There was absolutely no need for a presidential probe to identify those whose lapses had led to the Easter Sunday tragedy. Their identities were already known and legal action could have been taken against them, but such a course of action will not help ensure that there will be no terror attacks. The need for a presidential probe arose as nobody knew who had actually masterminded the carnage and they had to be identified and neutralised.
The yahapalana leaders and their lackeys in the military and the police are no longer a problem because they are not in charge of national security. But the masterminds of the terror strikes are still at large. There’s the rub. The government ought to fulfil its election pledge to probe the carnage thoroughly, identify the masterminds thereof instead of trying to silence its critics politically.
Estranged strange bedfellows
Tuesday 2nd March, 2021
The JVP has torn the Easter Sunday Presidential Commission of Inquiry (PCoI) report to shreds. Its leaders have picked many holes in the document, and their arguments are tenable. Their position is that the PCoI has served no useful purpose as it has failed to identify the masterminds of the terror strikes. One cannot but agree with them on this score.
JVP leader Anura Kumara Dissanayake, MP, has gone a step further; he has demanded to know why Ranil Wickremesinghe, who was the Prime Minister at the time of the Easter Sunday attacks, has been let off the hook. We asked the JVP a similar quetion when the COPE (Committee on Public Enterprises), which probed the Treasury bond scams, went out of its way to ensure that Wickremesinghe’s name did not appear in its report. The COPE probe, under the chairmanship of the then JVP MP Sunil Handunnetti, was a farce. The JVP ran with the Opposition and hunted with the UNP, so to speak. Its notables stand accused of having had nocturnal meetings with Wickremesinghe and other UNP leaders (most of whom are currently in the SJB) to decide how to deal with the political enemies of the yahapalana government.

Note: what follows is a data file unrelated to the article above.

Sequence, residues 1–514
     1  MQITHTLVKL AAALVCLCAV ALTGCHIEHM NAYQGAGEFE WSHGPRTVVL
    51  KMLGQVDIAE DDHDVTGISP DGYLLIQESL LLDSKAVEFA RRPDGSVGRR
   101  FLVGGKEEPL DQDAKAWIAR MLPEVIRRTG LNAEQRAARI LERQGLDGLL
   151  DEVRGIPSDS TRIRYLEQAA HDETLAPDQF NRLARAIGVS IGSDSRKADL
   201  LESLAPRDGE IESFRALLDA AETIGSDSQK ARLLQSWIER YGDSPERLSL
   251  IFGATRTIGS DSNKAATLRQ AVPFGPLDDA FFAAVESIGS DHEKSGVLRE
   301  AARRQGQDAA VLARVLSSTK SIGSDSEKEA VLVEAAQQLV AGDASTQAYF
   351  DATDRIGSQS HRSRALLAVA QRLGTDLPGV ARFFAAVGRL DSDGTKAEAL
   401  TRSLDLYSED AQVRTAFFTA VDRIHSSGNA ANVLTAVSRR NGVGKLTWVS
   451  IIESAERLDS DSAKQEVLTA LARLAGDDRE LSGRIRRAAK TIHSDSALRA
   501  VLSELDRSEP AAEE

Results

So, the defenders of the Easter Sunday PCoI report may ask the JVP what moral right it has to demand that the identities of the masterminds of the 2019 bomb attacks be revealed. Those who peddle this argument should realise that the present-day JVP is vastly different from its former self, as it were. It conducts itself very democratically, and its election campaigns are exemplary. It has parliamentary representation, and its leader is a member of the very Parliament, which it once bombed. Battles for manape, or preferential votes, are absent among JVP candidates. So, the JVP’s ugly past should not be held against it. But the outfit, which always takes moral high ground and looks down upon others, needs to be asked how it could reconcile its concern for human rights and democracy with the practice of commemorating its late leaders who destroyed thousands of lives and properties worth billions of rupees and brutally suppressed political dissent; among their victims were leaders of political parties and trade unions, students, teachers, Buddhist monks and civilians who dared exercise their franchise. Shouldn’t it publicly disown its leaders who were a bunch of bloodthirsty terrorists if it is to convince the public that its current democratic agenda is not a façade?
Why has the JVP taken to bashing Ranil? It is in the current predicament with only three seats in Parliament, where it had six members previously, because it got too close to the ‘capitalist’ UNP, which eliminated its key leaders in the late 1980s. It was also represented in the so-called National Executive Council, which determined the agenda of the UNP-led yahapalana government, initially. In 2018, it threw a lifeline to the UNP-led government, which the SLPP and the then President Maithripala Sirisena sought to oust in the most despicable manner. It declared that it had done so to save democracy, but nobody bought into that claim. It is now trying to have the public believe that it has had nothing to do with the UNP.
Interestingly, the JVP’s honeymoon with the SLFP in 2004, when it contested a general election as part of the United People’s Freedom Alliance, enabled it to have 39 of its candidates elected; it also donated two National List slots to the SLFP. Its leaders even beat their SLFP counterparts in Colombo, Gampaha and Kurunegala in manape battles. But its clandestine affair with the UNP proved both politically and electorally disastrous! So, it is now bashing Ranil as hard as it can in the hope that it will be able to be seen to be anti-UNP. Whether it will succeed in its endeavour remains to be seen. People are the best judges.